Merlin had spent a long time practicing not to flinch. He dipped the oars back into the water and chose his words carefully.

"I believe that magic is a benign force that is neither truly good or evil; that places and objects can be endowed with magic."

"But it is how people occupy and use that magic which makes them good or evil?" Arthur guessed, and there was a wry twist to his lips. "Merlin, you have a fool's heart. You believe the good in everyone, don't you?"

"I have to," Merlin said. "Because what kind of world would it be if people were born evil?" And what would be my place in it? he asked himself, but not out loud.

"The air tingles," Arthur admitted. "I can feel my hairs standing up. I feel a yearning, a...a need to go forward... But I'm not scared, I don't feel danger, I only feel..."

"Welcomed?" Merlin finished.

Arthur turned around in the boat and sat down, folding his hands under his chin thoughtfully. "You feel it too?"

Merlin nodded and didn't give voice to his other fear, that this place was meant for them, only for them, the Coin with Two Sides. Whether for good or for ill, this Avalon island sunk in mists was beckoning to them both with soft cries, and Merlin knew that there was no way they could turn back now, any more than there was a way that he could ever be just human.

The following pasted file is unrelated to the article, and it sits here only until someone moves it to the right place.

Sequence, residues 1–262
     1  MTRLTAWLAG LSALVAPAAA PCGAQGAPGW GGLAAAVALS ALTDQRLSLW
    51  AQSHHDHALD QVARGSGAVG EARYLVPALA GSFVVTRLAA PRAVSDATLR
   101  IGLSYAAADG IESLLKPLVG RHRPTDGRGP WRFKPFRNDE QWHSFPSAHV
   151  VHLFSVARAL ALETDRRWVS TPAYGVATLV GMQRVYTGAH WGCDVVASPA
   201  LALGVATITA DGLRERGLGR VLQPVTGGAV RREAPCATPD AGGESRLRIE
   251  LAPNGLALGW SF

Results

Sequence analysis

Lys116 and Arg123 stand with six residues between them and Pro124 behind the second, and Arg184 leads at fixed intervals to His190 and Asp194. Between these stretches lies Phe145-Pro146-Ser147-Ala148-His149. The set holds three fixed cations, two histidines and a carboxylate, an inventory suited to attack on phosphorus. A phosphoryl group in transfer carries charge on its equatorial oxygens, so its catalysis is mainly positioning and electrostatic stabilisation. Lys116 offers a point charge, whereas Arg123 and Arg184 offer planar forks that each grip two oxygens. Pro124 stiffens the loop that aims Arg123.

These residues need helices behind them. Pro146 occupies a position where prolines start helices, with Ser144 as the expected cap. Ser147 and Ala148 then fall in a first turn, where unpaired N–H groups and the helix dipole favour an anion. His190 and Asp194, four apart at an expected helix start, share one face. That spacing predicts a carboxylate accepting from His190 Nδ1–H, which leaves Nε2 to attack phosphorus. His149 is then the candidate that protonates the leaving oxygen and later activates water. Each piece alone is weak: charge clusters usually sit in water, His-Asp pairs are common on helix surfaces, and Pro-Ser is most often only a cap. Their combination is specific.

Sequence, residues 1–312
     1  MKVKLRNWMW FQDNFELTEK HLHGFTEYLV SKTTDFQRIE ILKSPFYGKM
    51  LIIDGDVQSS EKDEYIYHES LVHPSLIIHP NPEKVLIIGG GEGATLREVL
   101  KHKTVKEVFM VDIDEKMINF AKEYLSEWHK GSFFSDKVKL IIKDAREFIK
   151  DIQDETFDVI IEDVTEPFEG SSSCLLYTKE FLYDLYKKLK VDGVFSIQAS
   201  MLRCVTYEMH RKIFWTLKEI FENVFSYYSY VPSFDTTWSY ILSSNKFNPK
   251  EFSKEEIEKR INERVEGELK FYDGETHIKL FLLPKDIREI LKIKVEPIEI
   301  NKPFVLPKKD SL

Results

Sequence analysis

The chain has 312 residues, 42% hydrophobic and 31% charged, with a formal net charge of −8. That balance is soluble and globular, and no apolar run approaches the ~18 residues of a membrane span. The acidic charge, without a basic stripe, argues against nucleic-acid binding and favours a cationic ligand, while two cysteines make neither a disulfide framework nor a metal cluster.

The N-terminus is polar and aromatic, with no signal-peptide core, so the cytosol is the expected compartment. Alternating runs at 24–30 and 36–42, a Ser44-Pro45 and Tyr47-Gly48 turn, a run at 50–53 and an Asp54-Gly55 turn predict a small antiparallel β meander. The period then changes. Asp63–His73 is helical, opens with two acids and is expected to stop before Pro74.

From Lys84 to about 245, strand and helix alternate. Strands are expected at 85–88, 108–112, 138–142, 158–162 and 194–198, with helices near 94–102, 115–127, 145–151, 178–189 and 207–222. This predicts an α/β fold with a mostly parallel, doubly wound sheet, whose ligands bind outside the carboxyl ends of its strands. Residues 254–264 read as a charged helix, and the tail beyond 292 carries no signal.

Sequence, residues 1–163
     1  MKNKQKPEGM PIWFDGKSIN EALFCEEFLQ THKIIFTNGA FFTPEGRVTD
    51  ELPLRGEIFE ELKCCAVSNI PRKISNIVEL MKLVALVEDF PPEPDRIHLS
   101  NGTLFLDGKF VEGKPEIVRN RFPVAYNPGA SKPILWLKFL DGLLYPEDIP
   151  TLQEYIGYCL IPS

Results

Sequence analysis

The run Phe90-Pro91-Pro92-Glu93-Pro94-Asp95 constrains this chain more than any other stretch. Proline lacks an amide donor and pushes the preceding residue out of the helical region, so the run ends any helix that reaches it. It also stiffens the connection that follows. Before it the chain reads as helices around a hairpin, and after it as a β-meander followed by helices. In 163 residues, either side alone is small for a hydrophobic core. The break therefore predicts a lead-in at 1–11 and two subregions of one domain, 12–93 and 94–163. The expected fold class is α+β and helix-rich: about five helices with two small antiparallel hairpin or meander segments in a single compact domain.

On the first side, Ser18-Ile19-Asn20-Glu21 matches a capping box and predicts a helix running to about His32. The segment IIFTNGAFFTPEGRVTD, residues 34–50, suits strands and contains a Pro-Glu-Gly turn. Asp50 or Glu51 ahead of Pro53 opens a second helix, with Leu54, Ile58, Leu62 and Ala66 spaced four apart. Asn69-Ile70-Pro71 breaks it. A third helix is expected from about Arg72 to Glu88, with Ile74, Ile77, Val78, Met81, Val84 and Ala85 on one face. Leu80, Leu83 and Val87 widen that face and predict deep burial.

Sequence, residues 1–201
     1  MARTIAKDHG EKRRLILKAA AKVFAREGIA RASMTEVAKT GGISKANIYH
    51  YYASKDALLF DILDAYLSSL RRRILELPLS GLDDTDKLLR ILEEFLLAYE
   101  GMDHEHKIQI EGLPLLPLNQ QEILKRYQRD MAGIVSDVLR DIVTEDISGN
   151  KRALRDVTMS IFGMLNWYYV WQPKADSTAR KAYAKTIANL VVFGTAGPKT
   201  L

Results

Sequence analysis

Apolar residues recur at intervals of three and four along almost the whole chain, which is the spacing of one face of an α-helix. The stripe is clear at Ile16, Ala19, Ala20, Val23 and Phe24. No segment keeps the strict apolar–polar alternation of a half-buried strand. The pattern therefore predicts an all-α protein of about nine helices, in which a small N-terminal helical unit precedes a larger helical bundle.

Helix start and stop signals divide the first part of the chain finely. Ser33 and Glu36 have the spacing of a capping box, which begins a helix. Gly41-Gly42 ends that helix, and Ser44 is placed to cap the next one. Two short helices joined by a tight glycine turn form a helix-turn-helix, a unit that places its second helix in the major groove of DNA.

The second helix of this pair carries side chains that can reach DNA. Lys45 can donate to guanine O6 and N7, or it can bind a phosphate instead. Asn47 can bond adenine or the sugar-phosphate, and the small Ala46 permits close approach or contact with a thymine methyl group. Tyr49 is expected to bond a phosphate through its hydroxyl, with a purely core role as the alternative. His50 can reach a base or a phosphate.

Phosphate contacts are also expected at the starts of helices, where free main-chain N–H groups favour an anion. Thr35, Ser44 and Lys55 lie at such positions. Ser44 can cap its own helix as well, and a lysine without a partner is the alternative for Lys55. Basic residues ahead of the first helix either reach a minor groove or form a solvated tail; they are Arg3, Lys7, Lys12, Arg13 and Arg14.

* * *

The fog was thick when they came out the other side. Rodney lifted his scanner and frowned as the screen on the thing went haywire, glowing with so many energy tracking lights that it became useless for anything more than a flashlight. With that thought, he turned its screen outwards and used the glow to determine the stability of his footing.

There was a short dais to descend, a few steps of glistening gray stone set in an uneven pattern of flags.

On this side, when he looked back over his shoulder, the 'Gate just looked like a normal 'Gate: up a few stairs, ringed in the habitual naquedah, only...

"Huh," Sheppard said. "Those are the Milky Way constellations. What is a Milky Way 'Gate doing in Pegasus?"